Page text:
Exercising proper hygiene habits can help reduce your risk of yeast infection. Bacteria build-up, especially in sheltered areas such as the genitals and armpits, can lead to various skin infections. To prevent penile yeast infections, it is very important to regularly clean your genitals.
Wearing clothing that restricts airflow can help yeast infections develop. Some men report discomfort and infections caused by a change in laundry detergent. The skin of your genitals is extremely sensitive, and may be irritated by certain ingredients in detergents. If you notice discomfort associated with a new regimen, changing your detergent may help relieve irritation, or in this case, uncomfortable symptoms of male yeast infection.
Other Types of Yeast Infection in Men
Extended physical activity, especially in the warmer months of the year, can make feet susceptible to yeast infections. Using clean, dry socks and exercising good personal hygiene will minimize this risk. Antifungal sprays and creams may also be helpful if uncomfortable symptoms persist.
Yeast infections of the mouth are also known as “oral thrush.” It is unclear whether this type of yeast infection can be transmitted through oral sex. However, oral thrush can develop from other physical imbalances that cause the same candida yeast to overgrow. Yeast infections of the mouth are usually indicated by a bright red, usually irritated oral environment, speckled by small white dots. Consult your doctor if you experience these symptoms.
Skin Yeast Infection
Yeast infections can develop on virtually any surface of the skin, but areas that have higher levels of moisture, such as the armpits and mouths, are more likely to develop yeast infections. The causes of these isolated types of yeast infections will mainly depend on your lifestyle and personal hygiene.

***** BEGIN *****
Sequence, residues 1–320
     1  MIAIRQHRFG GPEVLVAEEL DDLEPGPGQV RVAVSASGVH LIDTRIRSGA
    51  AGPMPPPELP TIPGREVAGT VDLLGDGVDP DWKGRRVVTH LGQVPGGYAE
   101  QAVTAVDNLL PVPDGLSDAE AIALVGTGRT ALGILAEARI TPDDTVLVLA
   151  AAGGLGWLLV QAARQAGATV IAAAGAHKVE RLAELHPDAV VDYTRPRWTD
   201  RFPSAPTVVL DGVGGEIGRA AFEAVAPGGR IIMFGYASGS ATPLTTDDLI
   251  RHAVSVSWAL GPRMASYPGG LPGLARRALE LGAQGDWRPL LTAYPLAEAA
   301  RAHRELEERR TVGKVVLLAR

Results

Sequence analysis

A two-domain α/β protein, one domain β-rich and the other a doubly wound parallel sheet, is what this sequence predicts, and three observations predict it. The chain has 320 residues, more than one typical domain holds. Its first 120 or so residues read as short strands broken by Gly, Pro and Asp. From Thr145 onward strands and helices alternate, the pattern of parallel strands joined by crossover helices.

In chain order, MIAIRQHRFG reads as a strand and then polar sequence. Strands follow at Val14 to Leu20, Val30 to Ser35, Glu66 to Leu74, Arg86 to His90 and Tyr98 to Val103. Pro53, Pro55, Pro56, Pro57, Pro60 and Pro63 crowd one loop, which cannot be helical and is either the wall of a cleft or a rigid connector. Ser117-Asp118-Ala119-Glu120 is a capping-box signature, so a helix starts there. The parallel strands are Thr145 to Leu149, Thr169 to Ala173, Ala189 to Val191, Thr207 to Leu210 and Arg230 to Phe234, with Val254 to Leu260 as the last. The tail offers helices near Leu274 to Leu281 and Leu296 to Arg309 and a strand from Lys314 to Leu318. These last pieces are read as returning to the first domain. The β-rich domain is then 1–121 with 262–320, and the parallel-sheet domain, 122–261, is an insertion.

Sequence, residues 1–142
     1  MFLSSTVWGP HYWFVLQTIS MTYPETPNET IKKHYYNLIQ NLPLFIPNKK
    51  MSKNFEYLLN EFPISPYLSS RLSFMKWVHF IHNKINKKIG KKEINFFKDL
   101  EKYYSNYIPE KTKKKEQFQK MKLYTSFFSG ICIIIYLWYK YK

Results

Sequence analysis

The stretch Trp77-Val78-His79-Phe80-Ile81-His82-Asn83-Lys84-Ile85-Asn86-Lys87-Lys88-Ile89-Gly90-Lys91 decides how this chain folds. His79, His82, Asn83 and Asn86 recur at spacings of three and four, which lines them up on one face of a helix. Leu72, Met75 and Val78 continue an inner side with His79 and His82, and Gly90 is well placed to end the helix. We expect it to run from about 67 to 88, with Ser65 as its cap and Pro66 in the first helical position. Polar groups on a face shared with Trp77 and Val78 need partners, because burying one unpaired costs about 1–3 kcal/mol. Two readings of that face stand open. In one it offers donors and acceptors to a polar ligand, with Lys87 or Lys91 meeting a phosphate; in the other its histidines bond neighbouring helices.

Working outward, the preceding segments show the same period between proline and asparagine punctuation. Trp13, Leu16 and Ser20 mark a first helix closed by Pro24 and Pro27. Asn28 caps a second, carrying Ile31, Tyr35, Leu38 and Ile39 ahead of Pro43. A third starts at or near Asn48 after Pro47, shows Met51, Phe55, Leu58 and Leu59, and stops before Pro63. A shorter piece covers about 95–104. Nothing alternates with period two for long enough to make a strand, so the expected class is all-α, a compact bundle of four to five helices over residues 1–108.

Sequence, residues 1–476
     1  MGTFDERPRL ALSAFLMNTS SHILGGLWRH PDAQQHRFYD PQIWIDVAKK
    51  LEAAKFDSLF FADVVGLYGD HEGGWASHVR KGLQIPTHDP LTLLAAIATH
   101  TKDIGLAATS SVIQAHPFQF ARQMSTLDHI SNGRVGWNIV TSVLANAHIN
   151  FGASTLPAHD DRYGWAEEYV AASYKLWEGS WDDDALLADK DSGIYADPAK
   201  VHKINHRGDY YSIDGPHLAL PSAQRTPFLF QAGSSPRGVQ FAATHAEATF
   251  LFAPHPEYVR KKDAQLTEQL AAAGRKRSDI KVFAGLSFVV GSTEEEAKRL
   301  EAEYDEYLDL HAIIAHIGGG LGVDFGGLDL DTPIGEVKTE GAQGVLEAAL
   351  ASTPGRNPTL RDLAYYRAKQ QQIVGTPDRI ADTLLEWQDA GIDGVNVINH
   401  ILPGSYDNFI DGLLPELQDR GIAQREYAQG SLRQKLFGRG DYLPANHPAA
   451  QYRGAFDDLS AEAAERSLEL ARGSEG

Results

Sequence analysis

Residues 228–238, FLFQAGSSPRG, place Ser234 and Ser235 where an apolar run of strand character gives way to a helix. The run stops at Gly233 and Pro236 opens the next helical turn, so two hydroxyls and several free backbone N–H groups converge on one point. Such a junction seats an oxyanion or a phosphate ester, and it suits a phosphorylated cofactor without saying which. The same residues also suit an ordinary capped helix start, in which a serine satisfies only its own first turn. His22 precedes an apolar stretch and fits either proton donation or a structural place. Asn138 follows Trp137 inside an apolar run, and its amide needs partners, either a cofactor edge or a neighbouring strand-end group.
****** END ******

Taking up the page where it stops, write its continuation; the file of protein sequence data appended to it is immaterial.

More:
Treatments for yeast infections in men are easy to access and with proper use will quickly relieve uncomfortable symptoms. In more severe cases of infection, your doctor may recommend an extended plan of treatment or lifestyle change. This information will help you understand your treatment options if you have a yeast infection. If you have had yeast infections in the past and feel comfortable identifying the problem when it persists, you can use over the counter (OTC) treatment options to get rid of the infection. However, you should consult your doctor every time, to be sure that your symptoms are not actually indicative of a different, potentially serious problem.
If left untreated, male yeast infections can become extremely uncomfortable and potentially dangerous if the infection is able to penetrate the blood stream. Consult with your doctor immediately after noticing signs of yeast infection in men. In rare, persistent cases of penile yeast infections, your doctor may recommend circumcision as a treatment option. While circumcision is normally performed on infants, the procedure can safely be done on adult males of any age. Your doctor can help you determine what a yeast infection is and what could be a different, more serious problem.